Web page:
Since then, ODM, armed with this new model of political competition, has walked the political space like a colossus, running rings on the Jubilee government, whose communicators and strategists have pretty much stuck to the outdated campaign-to-governing-to-campaign cycle of doing political business.

In the last four years, ODM’s strategists have effectively jettisoned the divide between a short “campaign time” at the end of an electoral cycle and a long “governing period” between elections that traditionally characterised the management of politics.

Used against a governing party, the perpetual campaign strategy means perpetual paralysis. In this regard, ODM’s permanent campaign strategy has performed wonders for what emerged in 2013 as a weak and decimated opposition.

It has made minced meat of Jubilee’s visible achievements in the development arena (including the standard gauge railway, replacing any success in the public psyche with a horrific narrative of a government irredeemably mired in corruption, wastefulness and courting Kanu-era tyranny.

And on the trope of “massive theft of public resources”, months to the August polls ODM is adroitly using its permanent campaign machine to weave, step by step, a devastating narrative of “a stolen election” long before the first ballot is cast.


As a game-changer and a trident weapon against an enemy, ODM’s perpetual campaign strategy has successfully experimented on three interlinked facets of the permanent campaign theory.

First, ODM’s permanent campaign is media-driven. With its Cord principals out of power and out of the requisite largesse or resources to run the traditional patronage system or convene rallies across the nation, they resorted to controlling daily media cycles as a cheaper, sustainable and perhaps more effective alternative. ODM has literally won all the daily news cycles since 2014. Its strategy is aided by the rise of modern technology of computer driven and cost-effective social media platforms.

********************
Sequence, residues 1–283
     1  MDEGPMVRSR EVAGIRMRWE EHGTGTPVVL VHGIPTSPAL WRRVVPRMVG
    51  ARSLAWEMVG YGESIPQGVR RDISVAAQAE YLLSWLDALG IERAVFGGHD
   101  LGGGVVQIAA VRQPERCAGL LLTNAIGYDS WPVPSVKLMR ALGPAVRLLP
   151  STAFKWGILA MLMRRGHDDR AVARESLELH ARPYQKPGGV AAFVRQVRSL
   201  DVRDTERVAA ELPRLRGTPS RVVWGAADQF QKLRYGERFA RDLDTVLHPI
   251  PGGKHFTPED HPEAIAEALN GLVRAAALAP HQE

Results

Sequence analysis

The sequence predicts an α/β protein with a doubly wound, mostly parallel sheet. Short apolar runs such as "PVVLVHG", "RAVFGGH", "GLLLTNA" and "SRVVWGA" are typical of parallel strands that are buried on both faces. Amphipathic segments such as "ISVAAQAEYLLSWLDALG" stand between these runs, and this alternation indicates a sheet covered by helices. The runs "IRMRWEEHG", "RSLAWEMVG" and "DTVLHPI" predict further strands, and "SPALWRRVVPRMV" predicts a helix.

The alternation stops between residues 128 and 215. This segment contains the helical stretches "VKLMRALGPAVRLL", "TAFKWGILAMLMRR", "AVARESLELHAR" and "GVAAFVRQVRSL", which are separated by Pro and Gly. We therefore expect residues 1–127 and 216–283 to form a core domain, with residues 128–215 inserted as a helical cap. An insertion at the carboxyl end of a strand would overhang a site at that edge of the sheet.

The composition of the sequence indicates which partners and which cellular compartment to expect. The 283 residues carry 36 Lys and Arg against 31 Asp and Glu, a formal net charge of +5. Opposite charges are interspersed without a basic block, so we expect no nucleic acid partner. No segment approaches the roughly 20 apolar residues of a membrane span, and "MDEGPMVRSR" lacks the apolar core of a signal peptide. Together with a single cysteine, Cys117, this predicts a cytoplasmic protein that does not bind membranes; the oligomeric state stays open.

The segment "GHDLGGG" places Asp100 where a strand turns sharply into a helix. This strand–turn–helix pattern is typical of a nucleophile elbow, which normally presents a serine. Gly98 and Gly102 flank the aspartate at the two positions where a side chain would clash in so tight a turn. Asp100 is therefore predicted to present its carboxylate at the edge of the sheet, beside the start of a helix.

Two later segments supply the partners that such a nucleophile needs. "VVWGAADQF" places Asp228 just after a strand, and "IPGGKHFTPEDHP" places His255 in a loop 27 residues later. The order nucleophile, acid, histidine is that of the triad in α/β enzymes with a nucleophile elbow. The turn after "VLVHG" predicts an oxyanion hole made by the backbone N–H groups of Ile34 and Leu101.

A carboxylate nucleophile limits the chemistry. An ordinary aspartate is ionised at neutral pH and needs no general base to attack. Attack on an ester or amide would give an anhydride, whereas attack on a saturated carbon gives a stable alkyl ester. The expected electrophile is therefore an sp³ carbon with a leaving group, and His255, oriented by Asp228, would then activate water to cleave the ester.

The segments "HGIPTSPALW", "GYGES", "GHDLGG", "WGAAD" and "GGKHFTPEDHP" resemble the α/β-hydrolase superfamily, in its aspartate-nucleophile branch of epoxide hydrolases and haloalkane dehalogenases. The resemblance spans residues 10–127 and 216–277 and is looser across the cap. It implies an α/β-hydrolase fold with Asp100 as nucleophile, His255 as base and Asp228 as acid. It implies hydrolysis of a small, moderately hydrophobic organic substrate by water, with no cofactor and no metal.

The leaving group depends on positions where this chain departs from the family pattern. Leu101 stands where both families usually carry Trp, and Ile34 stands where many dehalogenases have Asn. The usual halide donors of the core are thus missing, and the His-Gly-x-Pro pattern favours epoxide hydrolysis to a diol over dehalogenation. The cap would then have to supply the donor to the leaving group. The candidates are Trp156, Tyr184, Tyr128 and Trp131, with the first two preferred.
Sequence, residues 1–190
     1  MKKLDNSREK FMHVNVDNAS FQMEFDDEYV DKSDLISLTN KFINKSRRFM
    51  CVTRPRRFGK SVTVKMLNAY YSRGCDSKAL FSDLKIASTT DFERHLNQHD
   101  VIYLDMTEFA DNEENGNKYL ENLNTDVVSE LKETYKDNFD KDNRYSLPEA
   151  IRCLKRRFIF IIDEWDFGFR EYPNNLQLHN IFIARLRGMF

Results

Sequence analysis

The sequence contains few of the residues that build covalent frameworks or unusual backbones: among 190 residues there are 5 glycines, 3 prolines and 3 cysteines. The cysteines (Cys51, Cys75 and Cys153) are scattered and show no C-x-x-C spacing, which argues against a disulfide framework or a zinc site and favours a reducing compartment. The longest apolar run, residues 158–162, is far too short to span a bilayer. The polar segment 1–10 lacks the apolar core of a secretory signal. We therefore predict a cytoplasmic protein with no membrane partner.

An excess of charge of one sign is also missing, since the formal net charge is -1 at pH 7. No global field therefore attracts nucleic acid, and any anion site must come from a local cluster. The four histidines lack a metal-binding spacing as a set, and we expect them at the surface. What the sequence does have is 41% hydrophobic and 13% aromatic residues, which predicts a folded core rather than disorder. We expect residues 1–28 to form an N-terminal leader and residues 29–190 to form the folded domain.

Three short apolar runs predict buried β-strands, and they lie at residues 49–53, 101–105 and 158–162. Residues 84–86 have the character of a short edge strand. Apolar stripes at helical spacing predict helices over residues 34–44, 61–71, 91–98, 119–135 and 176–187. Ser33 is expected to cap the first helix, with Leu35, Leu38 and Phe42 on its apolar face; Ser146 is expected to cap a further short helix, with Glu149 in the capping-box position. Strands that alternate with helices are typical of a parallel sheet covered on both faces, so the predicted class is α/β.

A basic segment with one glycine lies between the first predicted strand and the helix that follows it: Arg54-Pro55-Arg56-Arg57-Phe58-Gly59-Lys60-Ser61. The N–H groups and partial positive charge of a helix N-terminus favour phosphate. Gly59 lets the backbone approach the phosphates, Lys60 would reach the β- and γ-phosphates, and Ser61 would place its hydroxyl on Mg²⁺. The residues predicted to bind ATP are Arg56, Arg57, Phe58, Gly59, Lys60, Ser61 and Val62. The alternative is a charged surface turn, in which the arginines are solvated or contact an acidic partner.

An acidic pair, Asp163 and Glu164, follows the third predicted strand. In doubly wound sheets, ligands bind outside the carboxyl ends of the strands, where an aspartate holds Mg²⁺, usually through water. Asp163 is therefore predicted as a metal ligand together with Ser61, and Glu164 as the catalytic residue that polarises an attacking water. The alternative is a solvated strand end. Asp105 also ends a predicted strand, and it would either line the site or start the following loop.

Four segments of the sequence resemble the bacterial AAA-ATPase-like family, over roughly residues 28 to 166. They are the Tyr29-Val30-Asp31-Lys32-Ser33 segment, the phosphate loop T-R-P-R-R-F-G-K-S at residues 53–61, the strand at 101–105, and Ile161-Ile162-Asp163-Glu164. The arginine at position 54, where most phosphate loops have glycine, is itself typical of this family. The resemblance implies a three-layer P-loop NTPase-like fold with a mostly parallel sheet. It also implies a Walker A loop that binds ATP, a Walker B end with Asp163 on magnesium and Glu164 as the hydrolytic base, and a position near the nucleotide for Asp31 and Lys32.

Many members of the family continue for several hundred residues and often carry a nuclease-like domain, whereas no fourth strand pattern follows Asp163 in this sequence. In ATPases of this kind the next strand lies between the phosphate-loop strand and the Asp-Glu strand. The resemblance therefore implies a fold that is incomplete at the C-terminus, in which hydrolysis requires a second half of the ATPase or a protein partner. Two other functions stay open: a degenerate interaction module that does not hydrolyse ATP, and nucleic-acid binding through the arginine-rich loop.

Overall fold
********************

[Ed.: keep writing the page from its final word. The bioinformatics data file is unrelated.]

Second, the Opposition’s permanent campaign model is hoisted on the theory of a data-heavy campaign. Although the campaign is cast as research-driven, by and large this model has depended on intelligently cooked-up data often from doubtful sources. But its success in making quick political gains and to permanently keep the government in a defensive mode especially over corruption has been monumental. This has forced the government’s campaign to be reactive, and to provide evidence to deny or counter propaganda.


Thirdly, ODM’s perpetual campaign is based on no vision of its own, but criticising the government. The permanent campaign model itself is not based on one issue. Rather, it opportunistically latches on every “mistake” or failure by the government to dominate daily news cycles.

Between 2013 and 2017, Kenya’s opposition has played on disenchantment with government reforms in the media sector, insecurity, terrorist attacks and corruption to effectively bolster a public perception of a failed government unable to protect. It has also depicted the government’s lead projects as corrupted, badly conceived and wasteful.

From the results of the ongoing registration, Jubilee may have the numbers to return Mr Kenyatta to power. But counting on a crude tyranny of numbers to win the 2017 election is courting defeat.

Prof Peter Kagwanja is chief executive, Africa Policy Institute.